Following up on Project R730 - Part 1, it’s time to expand the tale.
It took a while, but the few remaining parts I still needed to finish the R730 finally arrived. I installed, upgraded, or otherwise swapped several components, and I got the server up and running with TrueNAS SCALE. It wasn’t just a job, it was (and still is, really) an adventure!
Tripwires The first complication I encountered was in regard to the m.
Warning: this post contains copious amounts of impenetrable technobabble; read at your own risk.
It’s been a while since I’ve started a project, so of course that means it’s time. As it stands, my r720 is getting a bit long in the tooth and R730s are now the same price I paid for that system. So to Lab Gopher I went in search of a great deal. For anyone who is looking for a server, that is seriously the best thing I’ve found for sorting through all the eBay cruft.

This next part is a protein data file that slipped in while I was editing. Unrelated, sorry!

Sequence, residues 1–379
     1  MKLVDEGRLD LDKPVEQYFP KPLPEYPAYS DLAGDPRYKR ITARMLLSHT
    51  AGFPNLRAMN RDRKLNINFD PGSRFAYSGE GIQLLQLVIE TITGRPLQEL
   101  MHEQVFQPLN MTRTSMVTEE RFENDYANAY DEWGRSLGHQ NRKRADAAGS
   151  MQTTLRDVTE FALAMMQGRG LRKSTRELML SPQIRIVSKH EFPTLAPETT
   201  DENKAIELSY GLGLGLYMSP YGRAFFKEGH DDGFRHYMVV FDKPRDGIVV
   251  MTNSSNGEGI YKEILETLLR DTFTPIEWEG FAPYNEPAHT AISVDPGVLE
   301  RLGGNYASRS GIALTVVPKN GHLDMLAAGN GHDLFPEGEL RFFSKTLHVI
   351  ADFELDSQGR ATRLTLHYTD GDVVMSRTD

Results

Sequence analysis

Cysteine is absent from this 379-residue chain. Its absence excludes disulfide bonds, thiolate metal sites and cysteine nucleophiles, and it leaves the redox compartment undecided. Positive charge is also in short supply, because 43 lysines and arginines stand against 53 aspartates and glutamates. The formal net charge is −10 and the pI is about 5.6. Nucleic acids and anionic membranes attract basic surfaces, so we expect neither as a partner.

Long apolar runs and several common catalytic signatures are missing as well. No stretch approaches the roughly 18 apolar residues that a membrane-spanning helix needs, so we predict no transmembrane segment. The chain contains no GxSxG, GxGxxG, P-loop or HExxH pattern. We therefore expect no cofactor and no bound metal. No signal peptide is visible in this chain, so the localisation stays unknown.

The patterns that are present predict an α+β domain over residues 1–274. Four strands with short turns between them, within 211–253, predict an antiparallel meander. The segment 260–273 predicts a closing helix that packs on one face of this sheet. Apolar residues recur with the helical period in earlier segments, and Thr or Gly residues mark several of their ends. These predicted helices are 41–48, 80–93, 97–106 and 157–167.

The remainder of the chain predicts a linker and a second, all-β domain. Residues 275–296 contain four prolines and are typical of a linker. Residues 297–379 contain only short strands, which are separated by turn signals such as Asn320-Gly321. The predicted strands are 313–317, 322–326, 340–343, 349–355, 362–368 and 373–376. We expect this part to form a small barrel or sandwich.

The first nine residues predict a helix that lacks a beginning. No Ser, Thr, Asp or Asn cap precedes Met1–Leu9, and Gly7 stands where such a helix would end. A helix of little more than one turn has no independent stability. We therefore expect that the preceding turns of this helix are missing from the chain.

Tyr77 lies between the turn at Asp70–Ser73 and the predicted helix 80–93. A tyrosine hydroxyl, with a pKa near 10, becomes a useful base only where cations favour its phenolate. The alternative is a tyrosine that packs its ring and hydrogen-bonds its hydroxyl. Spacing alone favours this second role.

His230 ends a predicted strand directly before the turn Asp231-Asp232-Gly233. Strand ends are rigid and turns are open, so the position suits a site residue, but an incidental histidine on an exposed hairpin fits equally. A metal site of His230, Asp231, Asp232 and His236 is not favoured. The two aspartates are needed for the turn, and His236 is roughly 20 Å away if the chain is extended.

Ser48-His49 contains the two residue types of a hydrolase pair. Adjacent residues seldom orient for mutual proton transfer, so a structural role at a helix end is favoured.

Ever since my previous foray into building a server, I’v been trolling Lab Gopher for an upgrade. My preference would have been for a Dell PowerEdge R720xd 3.5-inch format since it could hold 12 full-size hard disks. But those are relatively rare and deals were scarce.
Instead, I stumbled across a Dell PowerEdge R720 2.5-inch format with an additional drive cage. So while 2.5-inch drives were lower capacity, I could use 16 of them if necessary.
To support more of my tinkering in an effort to test various Postgres cluster configurations, I decided it would be really nifty to have a virtual server. I could not only spin up VMs and containers to validate architectures, but experiment to my heart’s content with other potential technologies.
At first, I was going to buy an Antsle. But the fact such a thing existed made me wonder what other kinds of dedicated virtual device hardware might exist.